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Well, I guess the real way to express what “Art” is is by realizing that it can be a more opinionated thing than we’ll ever discuss in this thread.

What one person may define as “art,” another may define as anything but art.

Hence, the impasse.

But that’s my own general observation.

Mar 26, 2012 at 08:14PM EDT
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Yes, what do you think of art made by clinically insane do you think there mental state of mind is are grounds for a richer more primal piece of work? Can someone who is not in there right mind express relevant truths or can we only get the felling of horror through our indifference.

Mar 26, 2012 at 09:14PM EDT
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Vlad wrote:

According to some scientific studies, there is a type of cell mutation related to how it takes in materials that either prevents HIV from developing or severely delays it. I can’t remember what it was called, but I’m fairly sure I have the article related to it around here somewhere. I’ll try to find it.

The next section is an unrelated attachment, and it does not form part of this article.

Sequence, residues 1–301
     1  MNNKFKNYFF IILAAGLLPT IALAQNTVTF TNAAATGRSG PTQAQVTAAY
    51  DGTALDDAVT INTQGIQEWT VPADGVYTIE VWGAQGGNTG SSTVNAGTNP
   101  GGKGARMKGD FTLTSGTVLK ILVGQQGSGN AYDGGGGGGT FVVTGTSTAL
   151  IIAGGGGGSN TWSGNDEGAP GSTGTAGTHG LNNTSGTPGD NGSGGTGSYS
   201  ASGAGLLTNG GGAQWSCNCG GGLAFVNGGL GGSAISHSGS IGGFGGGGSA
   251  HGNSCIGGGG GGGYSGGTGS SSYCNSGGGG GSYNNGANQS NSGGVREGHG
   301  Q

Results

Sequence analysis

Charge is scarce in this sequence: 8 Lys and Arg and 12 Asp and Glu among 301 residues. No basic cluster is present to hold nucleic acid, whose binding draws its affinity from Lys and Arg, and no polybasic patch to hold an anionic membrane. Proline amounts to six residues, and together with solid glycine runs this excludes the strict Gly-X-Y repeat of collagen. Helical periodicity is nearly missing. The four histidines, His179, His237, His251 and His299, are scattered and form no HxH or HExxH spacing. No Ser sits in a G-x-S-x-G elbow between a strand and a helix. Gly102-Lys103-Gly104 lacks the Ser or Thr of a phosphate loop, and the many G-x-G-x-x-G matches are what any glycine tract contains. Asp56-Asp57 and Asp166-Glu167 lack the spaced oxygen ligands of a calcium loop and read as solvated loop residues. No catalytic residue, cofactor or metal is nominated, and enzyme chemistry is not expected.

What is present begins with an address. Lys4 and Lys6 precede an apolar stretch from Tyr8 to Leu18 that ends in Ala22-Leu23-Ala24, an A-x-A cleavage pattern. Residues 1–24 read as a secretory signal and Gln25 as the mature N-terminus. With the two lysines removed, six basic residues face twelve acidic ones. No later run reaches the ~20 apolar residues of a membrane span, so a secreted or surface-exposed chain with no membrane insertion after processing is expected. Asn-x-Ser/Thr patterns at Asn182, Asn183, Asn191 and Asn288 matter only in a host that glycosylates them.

Well, in the end I couldn’t find it and it seems you’ve moved on. Sorry.

Last edited Mar 26, 2012 at 10:35PM EDT
Mar 26, 2012 at 10:34PM EDT
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MoaDakka wrote:

I would like to see the thoughts on a question that seems to rapidly evolve through the course of time. What is Art?

This is one of those entirely subjective questions that you could argue about forever but never find an answer towards.

It’s like saying “Which religion is right”, “What is good music” or “What defines beauty”.

Unlike the definition of Sound in our previous topic, the definition of Art is something that is entirely dependent on how it is received by the individual.

Mar 27, 2012 at 12:04AM EDT